Cineworld has removed a film about Fatima, the daughter of the Prophet Muhammad, from Bradford, Bolton, Birmingham and Sheffield venues, after hundreds of Muslims protested, calling the film blasphemous. Cineworld said that because of incidents outside venues, and for the safety of staff and customers, the screening of 'The Lady of Heaven' will stop. The film opens with the IS invasion of Iraq, showing a jihadist murder, before telling the story of Lady Fatima. The movie's executive producer called Cineworld’s decision ‘unacceptable’ and accused them of 'bowing down to radical extremists'. He said, ‘It is never right to submit to anything that undermines free speech. The only caveat to free speech is if you incite violence either directly or indirectly. If someone doesn’t want to watch something, then don't watch it, that's your freedom. People can’t compel you to watch this film, it doesn’t incite violence, and there is nothing in British law preventing the film being screened in the UK.’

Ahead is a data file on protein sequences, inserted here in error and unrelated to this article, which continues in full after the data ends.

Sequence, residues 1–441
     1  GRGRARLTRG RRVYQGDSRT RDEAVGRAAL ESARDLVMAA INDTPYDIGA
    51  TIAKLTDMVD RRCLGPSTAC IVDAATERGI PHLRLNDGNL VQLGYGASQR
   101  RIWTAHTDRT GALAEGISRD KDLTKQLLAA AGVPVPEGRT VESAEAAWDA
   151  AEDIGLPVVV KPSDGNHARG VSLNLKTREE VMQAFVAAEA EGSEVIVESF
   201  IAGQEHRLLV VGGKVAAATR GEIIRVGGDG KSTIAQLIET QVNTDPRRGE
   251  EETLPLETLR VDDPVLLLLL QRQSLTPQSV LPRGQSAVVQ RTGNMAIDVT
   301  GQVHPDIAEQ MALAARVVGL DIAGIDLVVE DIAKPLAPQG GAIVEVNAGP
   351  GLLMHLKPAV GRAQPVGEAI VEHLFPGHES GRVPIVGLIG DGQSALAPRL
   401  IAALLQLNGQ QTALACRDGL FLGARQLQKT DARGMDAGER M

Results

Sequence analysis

There are unseen challenges that people struggle with in later life. Pray for the elderly struggling with eating and living well. May they have a network of caring friends to support them as they find they cannot do the things they used to do, due to limited mobility and shrinking finances. Pray for those impacted by the onset of dementia and trying to maintain their independence in an ever-shrinking world. Pray for the widows and widowers living alone who could be depressed, with no one to share the ups and downs of their days with. Pray for God to raise up people in different generations to come alongside the elderly people in their communities and be befrienders. Pray for anointed and caring people to help older people to understand their purpose in later life. May our aged feel that they remain purposeful in their later years.